- The Enterprise
- The Recorder
A technology park planned for Bryans Road is not going forward, as the public-private venture among Corporate Office Properties Trust, Facchina Group of Cos. and Charles County has been dissolved.
“We have decided to dissolve the public-private economic agreement we had for Charles County,” said Stephanie Krewson, vice president of investor relations with COPT.
Two reasons for the “difficult decision” to end the agreement were the broader economic decline and the lack of jobs being relocated to the Indian Head Naval Surface Warfare Center as part of the 2005 Base Realignment and Closure process, Krewson said.
“My understanding is that Facchina and COPT anticipated that it would receive additional commissions from the 2005 BRAC, but Charles County did not receive the BRAC jobs and force that came with it,” Krewson said.
COPT sent a letter Aug. 7 to the county government notifying officials of the decision to dissolve the agreement, Krewson said.
COPT and Facchina jointly made the decision to end the agreement, Krewson said.
“COPT is the managing member of the joint venture and they will have to respond to any major decisions made by the joint venture,” Charles McPherson, chief operating officer with Facchina, said Monday.
On Tuesday, McPherson said, “We’re going to follow the decision of our partners. I am disappointed and I will personally continue to work to bring new jobs to Charles County.”
The agreement originally was reached in 2006 with the intention to bring high-paying technology jobs to the county.
As part of the contract, the county agreed to pay for water and sewer infrastructure to the property, widen roads for traffic if necessary and assist in getting fiber-optic cables to the site.
The joint venture had moved forward by marketing to Department of Defense contractors, getting approvals for its master and general development plans and studying the environmental and traffic impacts of the park, Krewson said.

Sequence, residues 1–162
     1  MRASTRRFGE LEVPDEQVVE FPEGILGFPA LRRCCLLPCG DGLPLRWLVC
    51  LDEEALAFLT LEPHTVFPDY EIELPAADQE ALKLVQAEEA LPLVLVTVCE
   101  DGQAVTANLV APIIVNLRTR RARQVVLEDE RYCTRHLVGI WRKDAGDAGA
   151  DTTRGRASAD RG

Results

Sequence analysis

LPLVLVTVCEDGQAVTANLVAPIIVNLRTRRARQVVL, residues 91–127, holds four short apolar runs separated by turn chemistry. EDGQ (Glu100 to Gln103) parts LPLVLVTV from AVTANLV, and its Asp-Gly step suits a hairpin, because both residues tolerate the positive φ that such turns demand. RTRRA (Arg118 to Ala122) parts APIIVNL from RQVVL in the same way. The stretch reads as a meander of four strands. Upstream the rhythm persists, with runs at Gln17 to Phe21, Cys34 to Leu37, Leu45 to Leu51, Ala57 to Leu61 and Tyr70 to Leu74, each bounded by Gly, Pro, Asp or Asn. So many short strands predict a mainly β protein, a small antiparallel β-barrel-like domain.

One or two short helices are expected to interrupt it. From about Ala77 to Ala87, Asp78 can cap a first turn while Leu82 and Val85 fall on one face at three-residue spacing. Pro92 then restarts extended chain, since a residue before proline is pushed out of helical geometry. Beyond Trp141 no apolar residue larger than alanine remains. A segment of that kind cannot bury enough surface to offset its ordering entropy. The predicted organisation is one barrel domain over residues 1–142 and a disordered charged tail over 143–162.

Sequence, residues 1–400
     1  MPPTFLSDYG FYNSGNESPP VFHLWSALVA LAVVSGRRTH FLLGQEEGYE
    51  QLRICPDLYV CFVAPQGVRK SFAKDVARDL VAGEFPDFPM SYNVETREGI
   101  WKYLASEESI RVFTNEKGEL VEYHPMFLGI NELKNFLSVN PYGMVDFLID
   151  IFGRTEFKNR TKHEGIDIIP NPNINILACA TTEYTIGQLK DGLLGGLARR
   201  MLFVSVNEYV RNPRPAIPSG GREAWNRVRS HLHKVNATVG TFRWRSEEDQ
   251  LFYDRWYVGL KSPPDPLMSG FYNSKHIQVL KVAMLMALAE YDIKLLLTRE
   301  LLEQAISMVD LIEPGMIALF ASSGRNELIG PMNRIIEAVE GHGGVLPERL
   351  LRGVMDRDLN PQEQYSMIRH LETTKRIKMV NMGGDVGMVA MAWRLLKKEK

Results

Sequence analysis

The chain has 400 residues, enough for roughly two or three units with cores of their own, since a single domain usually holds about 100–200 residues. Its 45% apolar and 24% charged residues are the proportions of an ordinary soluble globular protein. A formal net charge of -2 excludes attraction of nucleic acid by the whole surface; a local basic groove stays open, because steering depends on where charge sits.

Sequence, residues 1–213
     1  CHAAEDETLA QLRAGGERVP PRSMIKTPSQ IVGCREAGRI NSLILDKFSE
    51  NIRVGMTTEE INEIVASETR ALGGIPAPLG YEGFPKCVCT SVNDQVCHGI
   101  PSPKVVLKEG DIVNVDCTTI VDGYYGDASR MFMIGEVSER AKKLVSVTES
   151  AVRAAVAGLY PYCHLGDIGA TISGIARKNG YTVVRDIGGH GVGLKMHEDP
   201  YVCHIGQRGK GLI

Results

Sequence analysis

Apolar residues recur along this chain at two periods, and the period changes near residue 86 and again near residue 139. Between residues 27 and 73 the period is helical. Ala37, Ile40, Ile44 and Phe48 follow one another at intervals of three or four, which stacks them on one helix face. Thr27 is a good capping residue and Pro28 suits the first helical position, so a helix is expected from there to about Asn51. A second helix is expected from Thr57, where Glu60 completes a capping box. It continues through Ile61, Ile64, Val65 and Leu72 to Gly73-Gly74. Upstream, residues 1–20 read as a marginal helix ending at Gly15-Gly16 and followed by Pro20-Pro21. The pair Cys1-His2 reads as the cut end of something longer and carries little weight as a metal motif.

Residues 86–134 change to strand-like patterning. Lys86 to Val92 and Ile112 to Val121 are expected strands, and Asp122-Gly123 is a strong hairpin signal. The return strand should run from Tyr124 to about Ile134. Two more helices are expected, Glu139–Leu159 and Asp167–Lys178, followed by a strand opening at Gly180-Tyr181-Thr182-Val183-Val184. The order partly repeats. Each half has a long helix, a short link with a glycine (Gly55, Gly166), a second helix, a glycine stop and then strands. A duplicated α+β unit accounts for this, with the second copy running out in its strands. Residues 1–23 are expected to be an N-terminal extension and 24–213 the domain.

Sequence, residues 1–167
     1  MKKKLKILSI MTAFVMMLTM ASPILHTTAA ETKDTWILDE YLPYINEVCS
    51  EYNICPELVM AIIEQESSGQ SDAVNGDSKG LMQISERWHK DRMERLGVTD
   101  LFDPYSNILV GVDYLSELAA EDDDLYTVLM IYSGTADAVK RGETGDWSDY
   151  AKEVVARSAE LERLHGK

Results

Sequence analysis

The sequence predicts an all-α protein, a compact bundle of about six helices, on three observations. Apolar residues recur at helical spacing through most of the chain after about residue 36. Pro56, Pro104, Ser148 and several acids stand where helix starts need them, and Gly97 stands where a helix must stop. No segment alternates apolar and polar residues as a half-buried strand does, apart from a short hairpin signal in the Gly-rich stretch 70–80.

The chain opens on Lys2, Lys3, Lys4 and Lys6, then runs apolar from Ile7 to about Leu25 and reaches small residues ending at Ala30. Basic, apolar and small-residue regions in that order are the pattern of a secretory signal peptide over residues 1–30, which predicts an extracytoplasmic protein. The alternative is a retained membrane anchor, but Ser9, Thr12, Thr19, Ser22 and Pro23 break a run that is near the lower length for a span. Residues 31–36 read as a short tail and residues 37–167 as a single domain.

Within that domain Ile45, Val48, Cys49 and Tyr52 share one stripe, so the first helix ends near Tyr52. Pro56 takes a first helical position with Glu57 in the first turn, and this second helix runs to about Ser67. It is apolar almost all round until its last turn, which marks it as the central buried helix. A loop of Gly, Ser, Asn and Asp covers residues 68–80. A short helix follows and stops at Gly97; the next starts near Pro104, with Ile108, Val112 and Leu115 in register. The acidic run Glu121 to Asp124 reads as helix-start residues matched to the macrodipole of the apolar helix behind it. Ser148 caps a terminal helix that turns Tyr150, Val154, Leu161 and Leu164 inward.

“We kept moving in good faith hoping things would work out,” Krewson said.
In March, the tech park received a preliminary plan approval from the Charles County Planning Commission for 15 commercial lots on 260.52 acres.
At that time, no tenants had agreed to move into the tech park.
British ejection-seat company Martin-Baker was a potential tenant for the park in 2009, but did not open a facility in Charles County.
Proponents of the Indian Head Science and Technology Park argued that the park would support the activities at the Naval Support Facility Indian Head base and provide economic development for western Charles County.
The location of the proposed park, south of Bryans Road on Route 227, has generated opposition from advocates for the Mattawoman Creek because approximately 40 percent of the park’s site is located in the creek’s watershed. In addition to environmental concerns, opponents argued that the park’s location should be closer to the Navy base in Indian Head.
Interested parties reacted to the decision Tuesday.
Bonnie Bick, a Southern Maryland representative with the Maryland Sierra Club, said that going forward with the tech park would have been bad because of the damage it would cause to the Mattawoman Creek stream valley.
“It’s extremely high-value Mattawoman stream valley land. It needs to be protected and preserved. It’s ideal for an outdoor education center right next to the schools,” Bick said.
Matthew Henson Middle School and J.C. Parks Elementary School are adjacent to the property’s eastern edge.
Vince Hungerford, president of the Western Charles County Business Association, said he was disappointed to see the dissolution of the agreement.
“I see [the park] as having some potential to strengthen the western part of Charles County and the base with the BRAC situation,” Hungerford said, “I think we need to do all we can to have the support in place when that happens.”
Hungerford said he understood the business decision in light of economic conditions, but added that he hasn’t given up on the park.
“Of course it is a disappointment and it is a setback for District 2. It would have been a gem for the area. Hopefully it is a temporary setback,” said Charles County Commissioner Debra M. Davis (D), whose district includes the site of the tech park. “Facchina has been a great partner with the county for a long time. I am optimistic that we can move forward in a different way with the tech park.”
Commissioner Ken Robinson (D) added, “I don’t find it surprising. I never felt that the location was viable and when you add on that the base itself is entertaining the idea of opening up a small tech park, that makes more sense. The location chosen in Bryans Road was environmentally sensitive, so I am pleased to hear the location will likely remained undeveloped.”
Constellation Energy and the U.S. Navy are in negotiations for the energy company to build a 30-megawatt natural gas plant, a 200,000-square-foot data center and a 250,000-square-foot office building at Naval Support Facility Indian Head.